This is where Jeremiah is. He has preached, cajoled and harangued the people but no one wants to listen. They want to keep going their own way and living their lives like they’ve always done. They like their creature comforts, their syncretistic worship and their lives. Jeremiah is a disruptive force so they lock him up, beat him and mistreat him, anything to make the noisy prophet shut up.

All that’s left to do is to call down the so-called covenant curses on the people. In the ancient Near East, a covenant would almost always come with a threatened set of calamities that would happen to the people if they did not keep the terms of the covenant. These were dire warnings of the consequences in the event of an explicit or implicit breach of the agreement.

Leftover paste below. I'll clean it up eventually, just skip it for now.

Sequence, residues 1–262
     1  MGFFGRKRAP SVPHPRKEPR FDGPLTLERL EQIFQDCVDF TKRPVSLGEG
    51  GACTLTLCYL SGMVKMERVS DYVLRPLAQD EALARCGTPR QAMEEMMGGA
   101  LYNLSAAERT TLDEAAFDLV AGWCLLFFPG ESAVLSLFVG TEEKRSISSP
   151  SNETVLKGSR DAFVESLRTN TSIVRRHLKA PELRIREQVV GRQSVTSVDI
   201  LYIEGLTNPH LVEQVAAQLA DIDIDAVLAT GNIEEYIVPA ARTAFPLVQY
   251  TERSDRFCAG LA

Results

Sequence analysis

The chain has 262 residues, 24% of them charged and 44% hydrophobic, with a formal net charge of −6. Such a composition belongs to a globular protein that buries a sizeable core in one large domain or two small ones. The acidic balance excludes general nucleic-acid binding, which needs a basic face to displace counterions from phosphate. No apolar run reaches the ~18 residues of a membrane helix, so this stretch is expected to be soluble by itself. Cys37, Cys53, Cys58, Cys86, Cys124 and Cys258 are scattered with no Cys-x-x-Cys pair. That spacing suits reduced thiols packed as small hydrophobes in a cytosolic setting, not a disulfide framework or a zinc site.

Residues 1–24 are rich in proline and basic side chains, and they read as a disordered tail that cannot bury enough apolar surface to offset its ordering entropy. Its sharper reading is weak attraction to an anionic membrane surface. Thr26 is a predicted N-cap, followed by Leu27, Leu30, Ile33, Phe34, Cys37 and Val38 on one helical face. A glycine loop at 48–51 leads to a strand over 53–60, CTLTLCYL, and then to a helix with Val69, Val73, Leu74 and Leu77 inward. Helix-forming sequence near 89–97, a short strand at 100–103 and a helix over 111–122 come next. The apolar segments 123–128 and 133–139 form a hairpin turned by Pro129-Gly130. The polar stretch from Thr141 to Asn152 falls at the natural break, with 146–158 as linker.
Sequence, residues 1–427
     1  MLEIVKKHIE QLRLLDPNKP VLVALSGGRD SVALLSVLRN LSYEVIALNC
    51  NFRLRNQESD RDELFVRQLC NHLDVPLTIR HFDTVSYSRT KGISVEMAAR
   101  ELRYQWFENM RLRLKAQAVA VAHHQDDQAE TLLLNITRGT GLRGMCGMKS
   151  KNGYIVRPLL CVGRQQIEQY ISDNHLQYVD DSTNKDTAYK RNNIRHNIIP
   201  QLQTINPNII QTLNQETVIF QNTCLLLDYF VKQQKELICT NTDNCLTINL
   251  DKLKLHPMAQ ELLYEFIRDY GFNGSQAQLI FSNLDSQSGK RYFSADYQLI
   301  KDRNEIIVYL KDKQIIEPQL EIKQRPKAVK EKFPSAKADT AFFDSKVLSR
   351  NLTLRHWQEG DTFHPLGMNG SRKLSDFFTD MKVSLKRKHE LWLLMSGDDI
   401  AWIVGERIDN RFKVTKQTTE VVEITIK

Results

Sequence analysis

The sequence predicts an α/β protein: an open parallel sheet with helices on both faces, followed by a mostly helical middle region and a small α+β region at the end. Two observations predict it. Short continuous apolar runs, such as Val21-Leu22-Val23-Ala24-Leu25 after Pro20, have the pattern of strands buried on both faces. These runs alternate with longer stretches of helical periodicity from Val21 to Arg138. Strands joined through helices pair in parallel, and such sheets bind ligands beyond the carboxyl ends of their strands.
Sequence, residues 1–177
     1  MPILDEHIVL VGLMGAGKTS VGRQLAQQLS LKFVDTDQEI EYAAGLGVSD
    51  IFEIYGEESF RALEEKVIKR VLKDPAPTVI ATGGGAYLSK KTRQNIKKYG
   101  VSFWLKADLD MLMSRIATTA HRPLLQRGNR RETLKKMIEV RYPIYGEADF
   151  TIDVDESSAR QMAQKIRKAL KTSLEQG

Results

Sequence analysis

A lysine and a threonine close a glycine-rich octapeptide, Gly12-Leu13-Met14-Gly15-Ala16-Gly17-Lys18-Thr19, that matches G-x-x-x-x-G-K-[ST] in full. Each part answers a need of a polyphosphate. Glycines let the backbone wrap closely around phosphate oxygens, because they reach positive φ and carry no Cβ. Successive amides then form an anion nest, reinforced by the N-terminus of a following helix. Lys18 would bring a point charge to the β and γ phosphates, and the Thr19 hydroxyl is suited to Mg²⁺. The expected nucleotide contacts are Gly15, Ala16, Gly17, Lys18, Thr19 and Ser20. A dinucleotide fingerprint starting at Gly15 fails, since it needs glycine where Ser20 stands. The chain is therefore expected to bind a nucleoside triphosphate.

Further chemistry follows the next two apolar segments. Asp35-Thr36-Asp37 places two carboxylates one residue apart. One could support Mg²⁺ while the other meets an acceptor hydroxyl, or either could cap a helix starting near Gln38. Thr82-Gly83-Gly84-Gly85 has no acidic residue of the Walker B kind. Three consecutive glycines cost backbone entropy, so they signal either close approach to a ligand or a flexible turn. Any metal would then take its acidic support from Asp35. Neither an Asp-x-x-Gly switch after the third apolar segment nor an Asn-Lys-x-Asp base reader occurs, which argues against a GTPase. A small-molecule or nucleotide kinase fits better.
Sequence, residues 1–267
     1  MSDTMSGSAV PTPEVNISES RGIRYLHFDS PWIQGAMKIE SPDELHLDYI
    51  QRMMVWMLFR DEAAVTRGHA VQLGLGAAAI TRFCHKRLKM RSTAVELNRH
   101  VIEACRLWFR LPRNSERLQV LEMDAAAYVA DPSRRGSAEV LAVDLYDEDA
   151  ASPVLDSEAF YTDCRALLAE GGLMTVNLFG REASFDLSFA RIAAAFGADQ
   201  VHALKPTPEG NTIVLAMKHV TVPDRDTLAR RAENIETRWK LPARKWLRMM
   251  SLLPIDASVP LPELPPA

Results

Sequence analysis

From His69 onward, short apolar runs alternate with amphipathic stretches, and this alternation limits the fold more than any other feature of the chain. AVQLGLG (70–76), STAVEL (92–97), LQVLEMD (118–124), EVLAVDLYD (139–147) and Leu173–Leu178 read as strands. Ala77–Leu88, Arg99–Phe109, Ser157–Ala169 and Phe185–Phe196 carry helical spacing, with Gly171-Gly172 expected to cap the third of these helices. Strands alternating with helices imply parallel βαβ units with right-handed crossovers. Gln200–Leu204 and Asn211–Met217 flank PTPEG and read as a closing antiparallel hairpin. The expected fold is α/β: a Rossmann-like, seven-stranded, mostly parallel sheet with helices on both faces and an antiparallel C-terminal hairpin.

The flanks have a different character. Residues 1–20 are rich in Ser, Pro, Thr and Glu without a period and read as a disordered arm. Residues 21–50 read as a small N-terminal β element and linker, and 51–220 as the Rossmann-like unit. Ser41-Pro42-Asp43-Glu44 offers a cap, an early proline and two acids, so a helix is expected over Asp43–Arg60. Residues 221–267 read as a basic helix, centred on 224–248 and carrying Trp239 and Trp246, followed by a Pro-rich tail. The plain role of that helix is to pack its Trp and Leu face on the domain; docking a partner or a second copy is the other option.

But let’s also consider the promised blessings. In our OT lesson, there are none. Unfortunately Jeremiah sees no blessings in store, only ominous storm clouds on the horizon. The people have ruptured the relationship with God and there would be a price to pay for that.

All too often this is where Christians are left in Lent. We’re left to ponder the mystery of sin and told to repent (over and over again). But, of course, this is not the end of the story. Jesus doesn’t stay in the grave on Good Friday. He is raised on Easter. Thus we must not stop with the analysis Jeremiah presents, but move on to the Good News – the Gospel – that, as N.T. Wright puts it, “Jesus has been raised from the dead and now everything is different.”[v] Everything is different because Jesus, even after He ascends into heaven, will be permanently present with us.[vi]